Children can be used as undercover spies by more than 20 state agencies, guidance for the Government’s covert intelligence bill reveals.
Covert child agents can also break the law if it means they will be able to glean information that could prevent or detect crime, protect public health, safety, or national security or help collect taxes, says the guidance quietly laid by the Government this month.
Older children aged 16 and 17 could even be recruited to spy on their parents if they were suspected of being involved in crime or terrorism.
However, the guidance says child spies should only be recruited or deployed in “exceptional circumstances,” with their handlers required to give “primary consideration” to the need to “safeguard and promote the best interests of the juvenile”.
Critics said the Government’s safeguards did not go far enough and on Wednesday night tabled an amendment to the bill for debate next week that would severely restrict the use of child spies by preventing their deployment if there was a risk of “any foreseeable harm”.
Children’s Commissioner Anne Longfield said their use should be banned: “I remain to be convinced that there is ever an appropriate situation in which a child should be used as a CHIS [Covert Human Intelligence Source]. This practice is not in the best interests of the child.”
The bill allows 22 state agencies – from the intelligence services, police and military to councils, HMRC, Home Office and Ministry of Justice – to use undercover agents including children but they must appoint an “authorising” senior executive to validate and oversee any operations.
No child under 16 can be used to spy on their parents but the guidance allows children aged 16 or 17 to act as spies to gather evidence on their parents provided “careful consideration has been given to whether the authorisation is justified in light of that fact”.
The Home Office said child spies are only used when necessary but can have “unique access to information that is important in preventing and prosecuting gang violence and terrorism”.
The High Court ruled last year that police recruitment and use of child spies to penetrate “county lines” drug gangs and other criminal or terrorist organisations was lawful and not a breach of their human rights.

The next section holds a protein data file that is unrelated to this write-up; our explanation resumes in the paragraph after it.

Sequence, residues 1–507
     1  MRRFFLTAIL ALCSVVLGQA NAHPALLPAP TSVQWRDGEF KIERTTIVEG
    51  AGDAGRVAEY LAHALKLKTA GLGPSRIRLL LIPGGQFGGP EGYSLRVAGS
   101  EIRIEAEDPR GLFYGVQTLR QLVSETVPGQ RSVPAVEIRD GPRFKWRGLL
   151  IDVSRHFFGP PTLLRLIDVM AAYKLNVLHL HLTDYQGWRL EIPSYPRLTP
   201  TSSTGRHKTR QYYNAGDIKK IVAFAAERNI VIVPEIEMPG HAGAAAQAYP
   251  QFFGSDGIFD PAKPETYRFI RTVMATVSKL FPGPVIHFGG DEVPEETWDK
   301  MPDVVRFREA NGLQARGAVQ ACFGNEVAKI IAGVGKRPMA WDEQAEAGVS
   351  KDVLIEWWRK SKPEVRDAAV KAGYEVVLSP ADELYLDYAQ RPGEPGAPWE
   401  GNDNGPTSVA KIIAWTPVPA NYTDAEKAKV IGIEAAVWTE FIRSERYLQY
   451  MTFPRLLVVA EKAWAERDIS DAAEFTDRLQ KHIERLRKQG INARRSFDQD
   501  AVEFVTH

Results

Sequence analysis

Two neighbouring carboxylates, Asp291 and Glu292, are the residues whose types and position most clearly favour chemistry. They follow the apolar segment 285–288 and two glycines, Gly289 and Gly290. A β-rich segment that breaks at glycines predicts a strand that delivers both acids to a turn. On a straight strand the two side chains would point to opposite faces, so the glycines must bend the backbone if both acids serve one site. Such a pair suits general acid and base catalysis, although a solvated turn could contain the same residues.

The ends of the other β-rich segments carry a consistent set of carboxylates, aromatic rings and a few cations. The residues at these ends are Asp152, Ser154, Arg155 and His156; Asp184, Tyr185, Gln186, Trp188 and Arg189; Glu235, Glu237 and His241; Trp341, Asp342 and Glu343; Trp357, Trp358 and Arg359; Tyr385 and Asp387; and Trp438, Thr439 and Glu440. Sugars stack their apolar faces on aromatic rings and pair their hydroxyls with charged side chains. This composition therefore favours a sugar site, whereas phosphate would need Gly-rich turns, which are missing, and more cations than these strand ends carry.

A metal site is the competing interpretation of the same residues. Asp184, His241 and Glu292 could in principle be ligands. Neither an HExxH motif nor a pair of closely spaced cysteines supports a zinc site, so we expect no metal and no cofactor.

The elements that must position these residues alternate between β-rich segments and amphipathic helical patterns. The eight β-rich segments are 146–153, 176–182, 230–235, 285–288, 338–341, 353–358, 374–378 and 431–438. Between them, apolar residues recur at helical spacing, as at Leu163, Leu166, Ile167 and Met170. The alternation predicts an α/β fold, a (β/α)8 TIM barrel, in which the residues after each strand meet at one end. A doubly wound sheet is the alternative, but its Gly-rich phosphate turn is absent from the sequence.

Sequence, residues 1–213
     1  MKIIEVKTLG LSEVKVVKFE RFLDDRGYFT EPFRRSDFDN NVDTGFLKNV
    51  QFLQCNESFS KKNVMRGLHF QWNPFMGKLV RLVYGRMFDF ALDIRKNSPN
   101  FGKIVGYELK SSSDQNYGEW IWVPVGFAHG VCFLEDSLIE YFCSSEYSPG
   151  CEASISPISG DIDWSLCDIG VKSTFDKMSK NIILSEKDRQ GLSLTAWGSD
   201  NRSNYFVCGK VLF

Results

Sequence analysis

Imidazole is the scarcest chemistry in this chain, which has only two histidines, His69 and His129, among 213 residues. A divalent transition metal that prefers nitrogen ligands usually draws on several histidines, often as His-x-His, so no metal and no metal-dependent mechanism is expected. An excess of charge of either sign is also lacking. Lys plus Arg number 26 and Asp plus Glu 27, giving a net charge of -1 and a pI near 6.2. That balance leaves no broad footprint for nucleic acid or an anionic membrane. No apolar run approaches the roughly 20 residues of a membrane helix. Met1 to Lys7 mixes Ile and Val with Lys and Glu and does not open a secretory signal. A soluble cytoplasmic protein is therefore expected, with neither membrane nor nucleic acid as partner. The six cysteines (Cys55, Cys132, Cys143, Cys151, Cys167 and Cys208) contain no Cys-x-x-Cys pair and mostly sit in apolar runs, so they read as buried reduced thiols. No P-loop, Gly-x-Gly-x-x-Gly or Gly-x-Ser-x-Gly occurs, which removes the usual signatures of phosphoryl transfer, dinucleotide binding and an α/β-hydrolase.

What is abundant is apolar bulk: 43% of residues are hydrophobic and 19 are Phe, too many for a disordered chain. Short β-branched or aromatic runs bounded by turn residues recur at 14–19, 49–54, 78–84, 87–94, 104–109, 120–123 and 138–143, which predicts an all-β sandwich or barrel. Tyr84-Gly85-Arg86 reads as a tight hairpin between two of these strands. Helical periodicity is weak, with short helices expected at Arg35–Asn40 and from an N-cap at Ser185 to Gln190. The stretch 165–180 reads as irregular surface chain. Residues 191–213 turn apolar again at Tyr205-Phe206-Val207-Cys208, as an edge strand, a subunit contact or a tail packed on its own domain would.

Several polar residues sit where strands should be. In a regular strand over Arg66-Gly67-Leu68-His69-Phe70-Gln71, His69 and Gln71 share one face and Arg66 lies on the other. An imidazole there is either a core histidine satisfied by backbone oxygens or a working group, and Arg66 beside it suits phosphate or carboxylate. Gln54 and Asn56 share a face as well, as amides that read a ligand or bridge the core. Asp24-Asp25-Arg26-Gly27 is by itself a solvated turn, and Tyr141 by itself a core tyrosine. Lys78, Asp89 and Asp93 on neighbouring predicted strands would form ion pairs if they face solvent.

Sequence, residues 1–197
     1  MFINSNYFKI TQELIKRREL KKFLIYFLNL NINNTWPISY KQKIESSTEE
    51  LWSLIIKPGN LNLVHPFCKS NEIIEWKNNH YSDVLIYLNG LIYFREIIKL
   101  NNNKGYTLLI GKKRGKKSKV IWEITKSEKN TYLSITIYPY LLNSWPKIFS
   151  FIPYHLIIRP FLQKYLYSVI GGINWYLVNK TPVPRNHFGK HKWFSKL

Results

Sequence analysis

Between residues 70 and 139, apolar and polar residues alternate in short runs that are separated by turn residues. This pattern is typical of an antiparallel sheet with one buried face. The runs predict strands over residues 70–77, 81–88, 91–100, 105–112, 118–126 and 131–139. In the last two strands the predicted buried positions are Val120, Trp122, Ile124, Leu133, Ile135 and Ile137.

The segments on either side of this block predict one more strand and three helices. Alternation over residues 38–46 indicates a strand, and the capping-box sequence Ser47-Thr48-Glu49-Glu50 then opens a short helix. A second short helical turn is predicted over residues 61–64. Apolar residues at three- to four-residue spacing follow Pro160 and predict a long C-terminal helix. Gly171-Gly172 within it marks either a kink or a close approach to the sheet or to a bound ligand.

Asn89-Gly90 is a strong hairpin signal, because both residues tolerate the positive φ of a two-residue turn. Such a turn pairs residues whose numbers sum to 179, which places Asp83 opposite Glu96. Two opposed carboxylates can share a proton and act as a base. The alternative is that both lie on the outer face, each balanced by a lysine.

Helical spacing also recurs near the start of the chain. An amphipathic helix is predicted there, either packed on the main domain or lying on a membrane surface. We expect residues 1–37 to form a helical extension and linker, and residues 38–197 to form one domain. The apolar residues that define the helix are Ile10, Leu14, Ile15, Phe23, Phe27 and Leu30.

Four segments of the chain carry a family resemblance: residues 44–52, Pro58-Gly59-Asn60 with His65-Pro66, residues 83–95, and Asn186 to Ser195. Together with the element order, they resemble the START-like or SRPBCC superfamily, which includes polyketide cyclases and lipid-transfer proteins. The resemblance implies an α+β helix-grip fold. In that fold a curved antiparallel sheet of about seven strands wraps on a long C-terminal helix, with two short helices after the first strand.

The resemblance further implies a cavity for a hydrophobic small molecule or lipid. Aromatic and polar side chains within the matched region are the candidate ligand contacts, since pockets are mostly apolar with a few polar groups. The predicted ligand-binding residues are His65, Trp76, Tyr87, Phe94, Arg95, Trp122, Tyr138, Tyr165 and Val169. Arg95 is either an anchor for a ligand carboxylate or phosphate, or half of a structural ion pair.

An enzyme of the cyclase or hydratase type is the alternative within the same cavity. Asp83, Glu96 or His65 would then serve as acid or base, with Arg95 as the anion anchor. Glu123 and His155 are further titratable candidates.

The case was brought by the charity Just For Kids Law which argued that there were not “adequate safeguards” governing recruiting and deploying children as spies.
Jennifer Twite, of Just For Kids Law, said: “We are deeply concerned that the Government is taking an ‘end justifies the means’ approach by suggesting that it might sometimes be justified to put children in harm’s way.
“This is entirely contrary to our international obligations to treat the best interests of a child as a primary consideration and an extremely worrying way for law enforcement to behave.”
Any handler of a child spy will be required under the bill to carry out a “risk assessment” before they are deployed – and any operation would be limited to four months.
However, the amendment, due to be considered on January 13, would block any operation where there was a risk of foreseeable harm.
The Government faces a major Lords revolt with former Conservative Defence Secretary George Younger, children’s rights campaigner and filmmaker Baroness Kidron, Labour and the Lib Dems behind the amendment.
Stella Creasy, the leading Labour MP who helped draft the amendment, said: “If the Government don’t accept this amendment, they have to tell us why they want the power to put children in the path of foreseeable harm.
“Equally, how can a child consent to spy on their parents? It is one thing catching someone serving alcohol to under-aged, but a very different proposition if your dad is a kingpin in a county lines gang. Most of these are very vulnerable children.”